The movement plays do not have intricate passing routes or concepts. Creativity does not ask the receiver to make three breaks in a route or include two fake handoffs in a play-action. Instead, it's finding the symbiotic relationship between the run and pass.


If you boil down the play above, it's nothing more than this: Fake left, roll right, flood the right side of the field with receivers.


The read progression for quarterback Nick Mullens was also easy. First was wide receiver Kendrick Bourne on the short 'slide' route.

The second was wide receiver Brandon Aiyuk running the low-cross. And third was wide receiver Richie James, who ran a high corner.

Mullens found a wide-open Aiyuk for a 13-yard gain.

1st Quarter: 3rd and 1 at the DAL 19 (1:44)


Football plays are much like a fine bourbon. Sure, one can shoot Kentucky's finest and call it a night. It's still a good drink, but the person's impatience had him miss the subtle notes of tobacco, vanilla, and wood smoke that linger on the pallet.

I have filled three large notebooks and a few smaller ones with as many of Shanahan's plays as possible. Each has notes on a particular look or block that shows why it worked or did not or made the play different.

Nowhere in any of these books was a single-wing fake that included a pitch to the weak side.


The play above started out looking vanilla. The 49ers were in a 'Weak Right Slot' formation, and before the snap, sent Juszczyk in a flat or 'Jazz' motion to the strong side.

I can't assume what the Dallas linebackers were thinking here or what they were trying to diagnose, but maybe they were expecting an 'arc bend' or another power run.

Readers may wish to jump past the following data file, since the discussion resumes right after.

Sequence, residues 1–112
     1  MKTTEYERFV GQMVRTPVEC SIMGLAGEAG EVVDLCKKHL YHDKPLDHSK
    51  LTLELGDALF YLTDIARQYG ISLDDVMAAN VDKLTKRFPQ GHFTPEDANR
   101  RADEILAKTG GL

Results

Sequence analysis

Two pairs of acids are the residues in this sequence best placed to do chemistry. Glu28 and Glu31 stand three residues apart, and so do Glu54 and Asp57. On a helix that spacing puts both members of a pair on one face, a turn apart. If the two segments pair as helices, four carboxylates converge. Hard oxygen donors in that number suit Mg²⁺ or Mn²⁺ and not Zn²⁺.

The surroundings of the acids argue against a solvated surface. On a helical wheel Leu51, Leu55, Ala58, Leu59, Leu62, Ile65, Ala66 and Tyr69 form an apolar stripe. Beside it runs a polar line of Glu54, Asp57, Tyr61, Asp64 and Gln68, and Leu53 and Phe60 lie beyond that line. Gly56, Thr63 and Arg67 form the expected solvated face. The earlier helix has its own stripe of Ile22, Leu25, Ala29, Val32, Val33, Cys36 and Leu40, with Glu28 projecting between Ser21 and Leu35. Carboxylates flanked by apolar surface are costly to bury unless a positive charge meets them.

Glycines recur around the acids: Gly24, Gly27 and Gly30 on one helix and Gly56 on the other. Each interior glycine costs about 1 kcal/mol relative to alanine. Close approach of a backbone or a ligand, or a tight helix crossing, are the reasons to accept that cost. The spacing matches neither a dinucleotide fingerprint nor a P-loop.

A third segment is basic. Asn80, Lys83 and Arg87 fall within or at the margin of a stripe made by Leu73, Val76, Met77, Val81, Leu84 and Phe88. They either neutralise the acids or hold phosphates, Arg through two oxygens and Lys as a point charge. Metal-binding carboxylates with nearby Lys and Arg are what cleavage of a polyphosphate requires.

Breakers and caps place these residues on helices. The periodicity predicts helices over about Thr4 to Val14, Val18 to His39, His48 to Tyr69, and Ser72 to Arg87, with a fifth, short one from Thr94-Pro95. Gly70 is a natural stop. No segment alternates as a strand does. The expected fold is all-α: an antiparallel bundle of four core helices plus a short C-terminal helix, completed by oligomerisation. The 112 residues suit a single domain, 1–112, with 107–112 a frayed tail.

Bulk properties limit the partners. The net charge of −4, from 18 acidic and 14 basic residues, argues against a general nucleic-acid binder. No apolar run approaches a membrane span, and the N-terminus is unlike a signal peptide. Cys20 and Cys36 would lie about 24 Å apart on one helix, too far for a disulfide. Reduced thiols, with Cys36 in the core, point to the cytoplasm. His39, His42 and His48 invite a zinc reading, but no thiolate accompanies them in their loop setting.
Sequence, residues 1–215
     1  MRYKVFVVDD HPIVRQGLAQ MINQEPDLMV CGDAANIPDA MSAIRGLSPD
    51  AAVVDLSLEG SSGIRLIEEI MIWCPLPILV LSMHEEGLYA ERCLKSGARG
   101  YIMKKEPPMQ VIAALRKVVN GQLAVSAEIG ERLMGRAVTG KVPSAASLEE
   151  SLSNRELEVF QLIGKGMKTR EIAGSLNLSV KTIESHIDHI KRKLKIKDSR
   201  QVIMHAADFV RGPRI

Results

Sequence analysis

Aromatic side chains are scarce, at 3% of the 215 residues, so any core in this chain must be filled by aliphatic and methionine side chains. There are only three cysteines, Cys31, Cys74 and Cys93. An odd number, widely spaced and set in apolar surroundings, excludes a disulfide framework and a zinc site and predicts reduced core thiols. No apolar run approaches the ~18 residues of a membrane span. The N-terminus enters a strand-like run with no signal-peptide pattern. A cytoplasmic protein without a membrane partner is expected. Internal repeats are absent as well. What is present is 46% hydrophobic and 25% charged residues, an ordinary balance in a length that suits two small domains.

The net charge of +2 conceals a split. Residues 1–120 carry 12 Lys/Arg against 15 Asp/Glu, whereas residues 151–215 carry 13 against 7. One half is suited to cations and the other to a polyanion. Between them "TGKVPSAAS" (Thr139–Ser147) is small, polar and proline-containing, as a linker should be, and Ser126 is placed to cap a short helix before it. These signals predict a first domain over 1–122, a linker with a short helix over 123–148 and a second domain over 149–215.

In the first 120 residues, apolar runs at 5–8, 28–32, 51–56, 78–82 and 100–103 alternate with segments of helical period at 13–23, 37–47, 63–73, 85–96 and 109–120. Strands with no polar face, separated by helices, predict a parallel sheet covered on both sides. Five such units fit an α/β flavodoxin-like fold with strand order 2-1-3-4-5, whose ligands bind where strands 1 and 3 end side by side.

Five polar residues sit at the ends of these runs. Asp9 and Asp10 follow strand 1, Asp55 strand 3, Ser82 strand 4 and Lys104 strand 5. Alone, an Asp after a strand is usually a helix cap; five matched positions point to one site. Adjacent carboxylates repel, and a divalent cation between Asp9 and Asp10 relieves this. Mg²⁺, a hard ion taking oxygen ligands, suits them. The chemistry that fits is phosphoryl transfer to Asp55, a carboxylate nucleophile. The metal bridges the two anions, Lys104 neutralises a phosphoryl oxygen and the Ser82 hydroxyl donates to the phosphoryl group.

Once Mullens had the ball in his hand, he faked a dive play with Juszczyk, which sucked up linebacker Jaylon Smith to the strong side A-gap, removing him from the play.

After the fake, Mullens pitched the ball to Mostert, who ran to his left. He had left tackle Trent Williams as the lead block and gained an easy 17 yards.

3rd Quarter: 1st and 10 at the SF 46 (6:08)


One of Shanahan's sneaky play-action concepts is 'leak,' which has nearly the entire offense flow in one direction, while one player sneaks out under the eyes of the linebackers in the opposite direction.

Unfortunately, the 49ers' offense has been incapable of converting on 'leak' this year. By my notes, this was only the second 'leak' play that was successful this year.


'Leak' is typically run using an outside zone look, but Shahahan called it last week using P15 Weak play-action protection.

The offensive line blocked as if it's a run to the weak side with the fullback as the lead block. After the fake, the fullback usually ends up in the flat as a check-down route.


In this instance, Shanahan had Juszczyk run the 'leak' route behind Aiyuk's comeback route.

I don't know if Shanahan adapted the play as he has with others in his playbook, or it's a new look for an older concept. Regardless, it's more proof of why other coaches and coordinators envy his system.

Shanahan is far from a perfect coach and, like his 31 counterparts, is not without his faults or stubbornness. Over time, I think he'll learn what he needs to fix to be a better coach. However, he cannot control what the 49ers have been through this season any more than he can maintain the solar system's alignment.

All images courtesy of NFL.com.
All statistics courtesy of Pro Football Reference unless noted.
  • Bret Rumbeck
  • Written by:
    Bret Rumbeck has been writing about the 49ers since 2017 for 49ers Webzone and 49ers Hub. He is a Turlock, CA native, and has worked for two members of the US House of Representatives and one US Senator. When not breaking down game film, Bret spends his time seeking out various forms of heavy metal. Feel free to follow him or direct inquiries to @brumbeck.
The views within this article are those of the writer and, while just as important, are not necessarily those of the site as a whole.